This site utilizes JavaScript to enhance the user interface and productivity for users. Ensure you have Java Script enabled in your browser to take full advantage. Thomas J. Herbert

Governor Thomas J. Herbert

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Office Dates:  Jan 13, 1947 - Jan 10, 1949

Born:  Oct 28, 1894

Passed:  Oct 27, 1974

Birth State:  Ohio

Party:  Republican

Family:  Married Mildred Stevenson; one child

School(s):  Adelbert College; Western Reserve University; Western Reserve University Law School

Military Service:  Air Force


THOMAS J. HERBERT was born in Cleveland, Ohio. He studied at Adelbert College and received his undergraduate degree from Western Reserve University in 1915. During World War I, he served as a First Lieutenant in the U.S. Air Force, attached to a British Royal Air Force Squadron. Shot down during his third mission, he returned to law school at Western Reserve University while still hospitalized, receiving his law degree in 1920. Herbert's career in public service began with his position as Assistant Director of Law for the City of Cleveland. The following year he was appointed Assistant Prosecuting Attorney for Cuyahoga County, a position that he held for one year. From 1929 to 1933, he was Assistant Attorney General of Ohio and was assigned to serve as attorney for the Public Utilities Commission. He lost his bid to become Ohio Attorney General in 1936 but won election two years later and was reelected twice. While serving as Attorney General, he was elected President of the National Association of Attorneys General. Herbert ran unsuccessfully for governor in 1944 but defeated incumbent Governor Frank Lausche two years later. As governor, he sponsored six bills that reduced or eliminated taxes. He supported legislation appropriating $45 million from treasury surplus to compensation World War II veterans. He oversaw the creation of a state tuberculosis hospital; improvements in disease control; and increased education appropriations. Herbert was defeated for reelection by the same man he had defeated two years earlier and returned to the private practice of law in Cleveland. In May 1953, President Dwight D. Eisenhower appointed him to the Subversive Activities Control Board, of which he was made Chairman. He was elected to the Ohio Supreme Court in 1951, and retired from public life after ten years of judicial service.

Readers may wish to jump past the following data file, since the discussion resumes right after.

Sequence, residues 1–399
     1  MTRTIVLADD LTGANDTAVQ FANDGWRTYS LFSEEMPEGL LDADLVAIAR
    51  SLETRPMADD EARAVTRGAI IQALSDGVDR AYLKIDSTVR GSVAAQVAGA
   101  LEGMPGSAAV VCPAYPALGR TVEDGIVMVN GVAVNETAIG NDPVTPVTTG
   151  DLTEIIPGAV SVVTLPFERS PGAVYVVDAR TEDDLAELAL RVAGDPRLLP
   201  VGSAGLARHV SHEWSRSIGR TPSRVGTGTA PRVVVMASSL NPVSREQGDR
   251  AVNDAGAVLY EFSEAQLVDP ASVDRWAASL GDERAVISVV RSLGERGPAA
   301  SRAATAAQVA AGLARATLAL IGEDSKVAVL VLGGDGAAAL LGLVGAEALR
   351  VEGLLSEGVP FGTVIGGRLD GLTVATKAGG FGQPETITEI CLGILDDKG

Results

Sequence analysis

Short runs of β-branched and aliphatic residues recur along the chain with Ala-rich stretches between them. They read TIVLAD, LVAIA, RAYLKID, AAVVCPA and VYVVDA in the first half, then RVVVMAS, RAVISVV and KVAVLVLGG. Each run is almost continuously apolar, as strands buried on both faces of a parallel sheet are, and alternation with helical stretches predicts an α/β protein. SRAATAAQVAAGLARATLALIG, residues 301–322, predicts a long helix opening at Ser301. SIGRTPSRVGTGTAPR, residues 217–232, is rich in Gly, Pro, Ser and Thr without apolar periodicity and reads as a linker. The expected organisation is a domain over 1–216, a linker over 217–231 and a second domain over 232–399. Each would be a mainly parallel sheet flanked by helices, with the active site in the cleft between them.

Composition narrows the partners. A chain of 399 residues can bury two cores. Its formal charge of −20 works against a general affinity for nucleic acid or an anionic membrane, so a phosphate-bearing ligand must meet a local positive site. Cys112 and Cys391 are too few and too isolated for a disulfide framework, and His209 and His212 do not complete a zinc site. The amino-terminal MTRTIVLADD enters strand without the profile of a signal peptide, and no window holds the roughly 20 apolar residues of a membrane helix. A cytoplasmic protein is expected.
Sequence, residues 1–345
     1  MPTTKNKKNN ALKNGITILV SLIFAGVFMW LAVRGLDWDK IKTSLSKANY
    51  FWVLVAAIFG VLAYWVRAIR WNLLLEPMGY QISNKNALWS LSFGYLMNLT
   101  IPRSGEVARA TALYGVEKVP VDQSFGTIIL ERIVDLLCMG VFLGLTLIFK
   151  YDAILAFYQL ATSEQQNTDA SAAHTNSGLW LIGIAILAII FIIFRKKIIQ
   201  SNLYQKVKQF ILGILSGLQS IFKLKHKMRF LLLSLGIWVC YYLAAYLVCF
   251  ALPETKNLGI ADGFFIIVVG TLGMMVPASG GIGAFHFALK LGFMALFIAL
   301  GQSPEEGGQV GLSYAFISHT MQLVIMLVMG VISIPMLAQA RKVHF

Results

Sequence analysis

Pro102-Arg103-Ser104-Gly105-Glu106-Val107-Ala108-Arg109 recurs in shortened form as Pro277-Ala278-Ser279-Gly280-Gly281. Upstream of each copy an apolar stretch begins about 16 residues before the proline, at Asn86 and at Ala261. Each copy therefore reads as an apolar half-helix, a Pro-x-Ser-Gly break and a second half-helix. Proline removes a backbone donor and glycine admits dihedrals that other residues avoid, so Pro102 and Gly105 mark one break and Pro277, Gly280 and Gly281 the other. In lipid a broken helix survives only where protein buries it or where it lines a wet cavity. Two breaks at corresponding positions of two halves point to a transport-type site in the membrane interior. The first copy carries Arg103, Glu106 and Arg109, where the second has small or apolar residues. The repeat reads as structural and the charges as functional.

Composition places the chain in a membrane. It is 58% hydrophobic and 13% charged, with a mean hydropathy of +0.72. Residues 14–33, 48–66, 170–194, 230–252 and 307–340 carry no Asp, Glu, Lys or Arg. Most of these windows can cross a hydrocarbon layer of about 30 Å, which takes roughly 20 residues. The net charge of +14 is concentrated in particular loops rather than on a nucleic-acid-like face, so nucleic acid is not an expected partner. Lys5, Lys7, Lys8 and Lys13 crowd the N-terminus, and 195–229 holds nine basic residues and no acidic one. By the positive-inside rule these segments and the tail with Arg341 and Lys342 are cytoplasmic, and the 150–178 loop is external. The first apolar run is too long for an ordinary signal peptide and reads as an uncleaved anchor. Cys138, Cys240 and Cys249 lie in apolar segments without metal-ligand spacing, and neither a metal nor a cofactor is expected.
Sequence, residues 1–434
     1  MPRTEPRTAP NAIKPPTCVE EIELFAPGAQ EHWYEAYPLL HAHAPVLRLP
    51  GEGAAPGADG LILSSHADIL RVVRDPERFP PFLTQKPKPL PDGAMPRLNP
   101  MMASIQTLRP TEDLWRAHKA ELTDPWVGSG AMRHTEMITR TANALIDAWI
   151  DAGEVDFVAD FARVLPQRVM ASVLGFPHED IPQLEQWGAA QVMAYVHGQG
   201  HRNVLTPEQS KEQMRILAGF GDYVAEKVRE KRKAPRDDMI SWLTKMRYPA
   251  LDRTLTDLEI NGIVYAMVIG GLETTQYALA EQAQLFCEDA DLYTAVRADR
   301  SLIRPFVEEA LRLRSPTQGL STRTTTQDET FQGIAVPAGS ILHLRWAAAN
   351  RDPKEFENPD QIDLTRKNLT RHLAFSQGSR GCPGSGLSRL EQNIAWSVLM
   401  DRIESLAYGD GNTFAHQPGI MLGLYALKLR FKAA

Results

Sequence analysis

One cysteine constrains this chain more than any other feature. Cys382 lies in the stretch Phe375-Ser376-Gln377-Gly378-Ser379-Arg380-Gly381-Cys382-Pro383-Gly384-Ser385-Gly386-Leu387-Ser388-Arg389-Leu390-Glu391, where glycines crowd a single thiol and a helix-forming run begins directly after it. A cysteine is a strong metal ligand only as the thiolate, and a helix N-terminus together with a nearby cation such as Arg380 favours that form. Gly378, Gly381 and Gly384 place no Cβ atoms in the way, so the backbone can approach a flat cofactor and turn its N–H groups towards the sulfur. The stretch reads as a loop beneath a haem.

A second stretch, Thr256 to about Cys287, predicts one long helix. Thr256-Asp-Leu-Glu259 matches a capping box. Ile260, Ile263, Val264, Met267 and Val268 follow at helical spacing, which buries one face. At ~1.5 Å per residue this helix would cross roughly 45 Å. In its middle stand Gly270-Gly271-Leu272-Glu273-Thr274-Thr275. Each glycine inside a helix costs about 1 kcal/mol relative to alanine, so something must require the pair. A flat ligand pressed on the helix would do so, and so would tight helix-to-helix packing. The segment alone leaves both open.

SOURCES:

Sobel, Robert, and John Raimo, eds. Biographical Directory of the Governors of the United States, 1789-1978, Vol. 3. Westport, CT: Meckler Books, 1978. 4 vols.

The Ohio Historical Center

Wikipedia.org